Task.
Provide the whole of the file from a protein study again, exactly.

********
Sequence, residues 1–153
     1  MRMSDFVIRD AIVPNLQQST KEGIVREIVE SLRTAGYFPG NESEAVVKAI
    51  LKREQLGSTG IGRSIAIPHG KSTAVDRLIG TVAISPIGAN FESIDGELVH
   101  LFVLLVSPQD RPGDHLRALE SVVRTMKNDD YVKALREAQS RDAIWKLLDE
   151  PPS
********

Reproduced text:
Sequence, residues 1–153
     1  MRMSDFVIRD AIVPNLQQST KEGIVREIVE SLRTAGYFPG NESEAVVKAI
    51  LKREQLGSTG IGRSIAIPHG KSTAVDRLIG TVAISPIGAN FESIDGELVH
   101  LFVLLVSPQD RPGDHLRALE SVVRTMKNDD YVKALREAQS RDAIWKLLDE
   151  PPS